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India’s place is unique not only because it is populous but also because it will maintain this status till the end of this century

Anxieties over population size and the Earth’s carrying capacity have died down, given the signs of the global population tending towards stability (although there is potential for its growth for another 50-60 years). The global population is going to peak at 10.3 billion by the 2080s. This growth from the current count of 8.2 billion does not seem enormous, and it is expected that after attaining this peak, it will slowly stabilise around 10.2 billion at the end of the century. Although these trends are quite promising, the geography of this count, along with its composition, is going to pose a real challenge in the coming times. While 28% of global citizens are found in countries whose population count has already peaked, another 10% are in 48 countries where the population sizes are expected to attain their respective peaks between 2025 and 2054. The rest of the world, consisting of 126 countries, is likely to experience population growth till it attains national peaks only by the end of this century.

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Socio-economic causes, practical constraints, and structural barriers deter migrants from participating in the biggest festival of democracy. Their rights need to be protected better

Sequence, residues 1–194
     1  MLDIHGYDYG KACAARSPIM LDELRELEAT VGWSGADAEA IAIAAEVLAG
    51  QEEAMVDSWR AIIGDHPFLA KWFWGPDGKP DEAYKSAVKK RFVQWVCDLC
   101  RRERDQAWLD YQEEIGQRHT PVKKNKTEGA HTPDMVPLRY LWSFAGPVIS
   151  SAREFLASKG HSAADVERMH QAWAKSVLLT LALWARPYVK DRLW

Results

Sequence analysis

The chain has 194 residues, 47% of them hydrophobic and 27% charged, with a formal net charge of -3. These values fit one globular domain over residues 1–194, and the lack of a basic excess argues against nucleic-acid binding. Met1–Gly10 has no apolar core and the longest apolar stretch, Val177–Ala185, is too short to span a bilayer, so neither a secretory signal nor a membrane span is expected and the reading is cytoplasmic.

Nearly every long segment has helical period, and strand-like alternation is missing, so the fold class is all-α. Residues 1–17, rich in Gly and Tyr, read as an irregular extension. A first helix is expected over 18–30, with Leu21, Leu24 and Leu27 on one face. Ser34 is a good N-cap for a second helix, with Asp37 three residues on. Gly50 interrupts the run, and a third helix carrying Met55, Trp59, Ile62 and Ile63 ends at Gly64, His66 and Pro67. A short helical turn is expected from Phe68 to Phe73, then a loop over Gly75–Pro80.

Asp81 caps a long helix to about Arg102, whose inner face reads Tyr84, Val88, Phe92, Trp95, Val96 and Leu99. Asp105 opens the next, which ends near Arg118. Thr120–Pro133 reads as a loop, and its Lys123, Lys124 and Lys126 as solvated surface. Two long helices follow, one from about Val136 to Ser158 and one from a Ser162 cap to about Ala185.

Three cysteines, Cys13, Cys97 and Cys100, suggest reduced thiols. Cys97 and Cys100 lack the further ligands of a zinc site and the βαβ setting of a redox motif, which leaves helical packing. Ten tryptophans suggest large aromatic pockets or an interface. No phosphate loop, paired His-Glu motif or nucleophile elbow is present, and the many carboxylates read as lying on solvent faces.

S Irudaya Rajan and Varsha Joshi


MARCH 23, 2023 

A serious concern to protect interstate migrants from all forms of violence must be reflected in the draft National Migrant Labour policy and its future implementation

S Irudaya Rajan, AUG 15 2022, 00:30 IST

  • According to data from the Ministry of External Affairs, some 18,000 Indian students were studying in Ukraine at the time Russia invaded; most of them were medical students.
  • Though the Indian government brought them all back, there is considerable uncertainty over their careers.
  • The government has to come up with a policy, on an ad hoc basis, to ensure these students are able to continue their education on a predictable, reliable path.

Redistribution measures have been ineffective and there are no policies discouraging accumulation of income and wealth

The COVID-19 pandemic has exposed the stark divide between the rich and the poor. At this juncture, evaluating the state of inequality serves as an eye-opener on the income/wealth divides prevailing across regions. Such divides are represented in terms of the share of income/wealth among the top 10% of the population against the bottom 50% of the population. With regard to income, the top 10% of the global population share 52% of the total income, while the bottom half survives with a mere 8.5% of it. This leaves 40% in the middle with 40% of the income. This distribution shows the tendency of a rising middle class with the lower disparity in income, but it also shows that the status of the poor is worsening day by day. In terms of wealth, the top 10% of the global population own 76% of the total wealth, while the bottom 50% share a mere 2%. The practice of unabated accumulation has been possible in the absence of effective measures of redistribution on the one hand and the absence of measures discouraging undue accumulation on the other.